21 March 2007
“The body had to die so that labor-power could live.” — Silvia Federici, Caliban and the Witch, p. 141.
Anybody who has read Michel Foucault’s ‘Madness and Civilization: A History of Insanity in the Age of Reason’, and who agrees with him, will probably have a very different take on the entire concept of madness. Indeed, the modern concept of madness is something that originated with the birth of capitalism in the 17th century, the ‘Age of Reason’ or as it was known at the time, ‘The Iron Century’, an apposite description, much more in tune with its time than the Age of Reason, but then it’s Reason that’s at stake, or rather the definition.
This was a period during which ‘reason’ took on an entirely new meaning in line with the prevailing Hobbesian view of people as nothing more than machines, or as it was known, Mechanical Philosophy.
“Life is but a motion of limbs… For what is the heart, but a spring; and the nerves, but so many strings; and the joints but so many wheels, giving motion to the whole body.” — Hobbes, Leviathan, 1650)
It was Hobbes and Descartes—who created the philosophical framework for the entire basis of modern psychology (until Freud came along)—which is intimately connected to the conception of the discipline of work. The body is viewed as little more than a machine and one separated entirely from the mind.
“…we perceive a new bourgeois spirit that calculates, classifies, makes distinctions, and degrades the body only in order to rationalize its faculties, aiming not just at intensifying its subjection but at maximizing its social utility.” — Silvia Federici, Caliban and the Witch, p. 139.
Federici is describing a time four and a half centuries ago but could equally be describing our current situation, that’s how little things have actually changed under 450 years of capitalism. And it’s a view that can also be assigned to our attitude toward crime and sexuality, both of which were fundamentally reshaped during the same period.
At first sight, it may seem that there is little or no connection between insanity and the ‘work ethic’, the discipline of the factory and assembly line, but the rise of capitalism required a ‘disciplined’ work force, regular in its habits, the body being no more than a machine for production which had to be ‘regularised’.
Thus the ‘mind’ had to be separated from the body and where necessary, ‘normalised’ including our sexuality. There are incredible parallels between the ‘Century of Iron’ and the current Blairite assault on the individual, for it was during 16th and 17th centuries that we see a range of laws passed that reshaped relationships including marriage eg the abolition of the ‘common law’ marriage, the family, sexuality and of course ‘crime’ (we should remember that the 17th century was also the time of the Puritan Revolution and it here that we see the parallels with Blair’s Britain albeit a schizophrenic one). It was during this period that prostitution was made a crime as was adultery, ‘vagrancy’ and even unemployment or at least to be seen ‘hanging around the streets, doing nothing’.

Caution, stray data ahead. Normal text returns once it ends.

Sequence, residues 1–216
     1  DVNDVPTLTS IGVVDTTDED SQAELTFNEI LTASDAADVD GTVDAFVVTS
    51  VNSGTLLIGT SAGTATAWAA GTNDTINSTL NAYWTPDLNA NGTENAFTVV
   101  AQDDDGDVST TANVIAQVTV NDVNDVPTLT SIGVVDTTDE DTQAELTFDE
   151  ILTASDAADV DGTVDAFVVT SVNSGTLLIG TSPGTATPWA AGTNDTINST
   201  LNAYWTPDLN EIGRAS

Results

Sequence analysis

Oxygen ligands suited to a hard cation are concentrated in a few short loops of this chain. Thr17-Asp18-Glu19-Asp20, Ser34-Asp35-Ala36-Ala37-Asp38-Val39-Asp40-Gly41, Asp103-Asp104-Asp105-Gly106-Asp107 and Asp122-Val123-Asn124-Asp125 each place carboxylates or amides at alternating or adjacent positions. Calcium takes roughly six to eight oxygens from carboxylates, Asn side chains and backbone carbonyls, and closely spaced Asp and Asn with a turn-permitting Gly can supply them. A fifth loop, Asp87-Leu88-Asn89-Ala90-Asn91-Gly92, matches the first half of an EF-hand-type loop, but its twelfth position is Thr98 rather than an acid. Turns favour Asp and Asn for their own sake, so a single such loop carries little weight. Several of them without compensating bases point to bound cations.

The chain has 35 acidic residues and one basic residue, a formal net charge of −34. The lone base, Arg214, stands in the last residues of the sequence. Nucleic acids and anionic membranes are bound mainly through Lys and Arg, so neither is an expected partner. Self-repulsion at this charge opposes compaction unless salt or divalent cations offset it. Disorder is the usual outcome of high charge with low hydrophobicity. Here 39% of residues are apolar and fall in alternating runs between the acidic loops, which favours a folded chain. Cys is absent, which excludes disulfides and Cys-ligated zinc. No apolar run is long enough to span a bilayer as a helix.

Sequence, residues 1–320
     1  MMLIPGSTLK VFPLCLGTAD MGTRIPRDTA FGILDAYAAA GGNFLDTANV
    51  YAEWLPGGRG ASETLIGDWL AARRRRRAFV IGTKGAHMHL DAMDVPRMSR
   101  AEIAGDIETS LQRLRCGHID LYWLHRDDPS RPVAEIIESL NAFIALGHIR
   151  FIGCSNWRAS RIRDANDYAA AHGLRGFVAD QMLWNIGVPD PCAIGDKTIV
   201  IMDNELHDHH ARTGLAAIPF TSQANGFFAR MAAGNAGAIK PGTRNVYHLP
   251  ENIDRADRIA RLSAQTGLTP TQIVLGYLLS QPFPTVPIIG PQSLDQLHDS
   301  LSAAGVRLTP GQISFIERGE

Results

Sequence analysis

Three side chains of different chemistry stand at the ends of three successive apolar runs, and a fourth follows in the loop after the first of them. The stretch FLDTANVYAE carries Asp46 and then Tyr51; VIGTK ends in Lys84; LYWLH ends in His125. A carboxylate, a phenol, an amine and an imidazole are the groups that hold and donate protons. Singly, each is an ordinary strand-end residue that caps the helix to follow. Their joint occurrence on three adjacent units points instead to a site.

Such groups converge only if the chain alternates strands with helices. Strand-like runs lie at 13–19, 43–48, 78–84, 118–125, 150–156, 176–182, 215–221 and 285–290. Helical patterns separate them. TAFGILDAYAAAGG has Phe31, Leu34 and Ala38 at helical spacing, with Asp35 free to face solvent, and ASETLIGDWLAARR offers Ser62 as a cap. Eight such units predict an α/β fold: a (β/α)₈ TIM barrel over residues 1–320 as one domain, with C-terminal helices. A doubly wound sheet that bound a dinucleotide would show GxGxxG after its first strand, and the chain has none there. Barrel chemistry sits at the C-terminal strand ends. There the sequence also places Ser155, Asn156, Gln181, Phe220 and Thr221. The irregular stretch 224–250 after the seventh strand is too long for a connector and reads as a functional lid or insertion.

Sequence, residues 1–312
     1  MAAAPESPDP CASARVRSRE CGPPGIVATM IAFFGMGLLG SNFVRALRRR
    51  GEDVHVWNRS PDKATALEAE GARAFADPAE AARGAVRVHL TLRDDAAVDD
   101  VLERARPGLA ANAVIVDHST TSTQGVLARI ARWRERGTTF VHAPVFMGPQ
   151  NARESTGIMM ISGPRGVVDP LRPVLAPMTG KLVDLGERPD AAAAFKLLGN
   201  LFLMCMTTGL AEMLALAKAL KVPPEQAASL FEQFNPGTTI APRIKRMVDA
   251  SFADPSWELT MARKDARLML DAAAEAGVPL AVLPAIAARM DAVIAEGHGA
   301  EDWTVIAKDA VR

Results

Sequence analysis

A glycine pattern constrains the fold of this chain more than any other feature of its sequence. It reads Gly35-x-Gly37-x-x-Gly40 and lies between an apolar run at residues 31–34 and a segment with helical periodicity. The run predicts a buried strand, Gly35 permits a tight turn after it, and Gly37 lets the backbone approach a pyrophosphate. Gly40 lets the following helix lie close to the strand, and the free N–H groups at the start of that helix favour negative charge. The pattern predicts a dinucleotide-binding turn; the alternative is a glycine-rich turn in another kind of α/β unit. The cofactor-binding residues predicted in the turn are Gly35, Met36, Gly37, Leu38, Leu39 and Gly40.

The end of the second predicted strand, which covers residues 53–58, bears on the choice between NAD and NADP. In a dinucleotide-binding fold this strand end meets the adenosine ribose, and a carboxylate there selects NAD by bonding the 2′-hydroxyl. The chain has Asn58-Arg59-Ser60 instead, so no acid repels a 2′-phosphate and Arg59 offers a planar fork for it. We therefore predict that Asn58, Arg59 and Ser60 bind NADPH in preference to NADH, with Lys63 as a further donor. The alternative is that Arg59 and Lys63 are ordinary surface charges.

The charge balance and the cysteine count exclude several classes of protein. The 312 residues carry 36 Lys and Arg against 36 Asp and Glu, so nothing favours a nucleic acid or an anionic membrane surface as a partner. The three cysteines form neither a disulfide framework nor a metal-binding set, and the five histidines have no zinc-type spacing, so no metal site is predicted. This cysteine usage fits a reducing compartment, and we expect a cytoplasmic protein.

‘What died was the concept of the body as a receptacle of magical powers that had prevailed in the medieval world. In reality, it was destroyed. For in the background of the new philosophy we find a vast initiative by the state, whereby what the philosophers classified as “irrational” was branded as crime.” — Caliban and the Witch, p. 141
Here we see the invention of the madhouse and the foundations being built for the modern ‘criminal justice system’. At each stage we see the state taking ever greater control over the individual, for the body and hence the mind had to be controlled in order to prepare us for a life of labour and especially the need for discipline.
“Magic kills industry,” Francis Bacon
As Federici points out, prior to this period magic played a very real role in everyday life.
“Eradicating these practices was a necessary condition for the capitalist rationalization of work, since magic appeared as an ilicit form of power and an instrument to obtain what one wanted without work, that is, a refusal of work in action.… Magic, moreover, rested upon a qualitative conception of space and time that precluded a regularization of the work process. How could the new entrepreneurs impose regular work patterns on a proletariat anchored in the belief that there are lucky and unlucky days, that is, days on which one could travel and others on which one should not move from home, days on which to marry and others on which every enterprise should be cautiously avoided?” — Caliban, p. 142
Interestingly, prior to this period ‘earning a living’ as a wage labourer was if possible, to be avoided at all costs!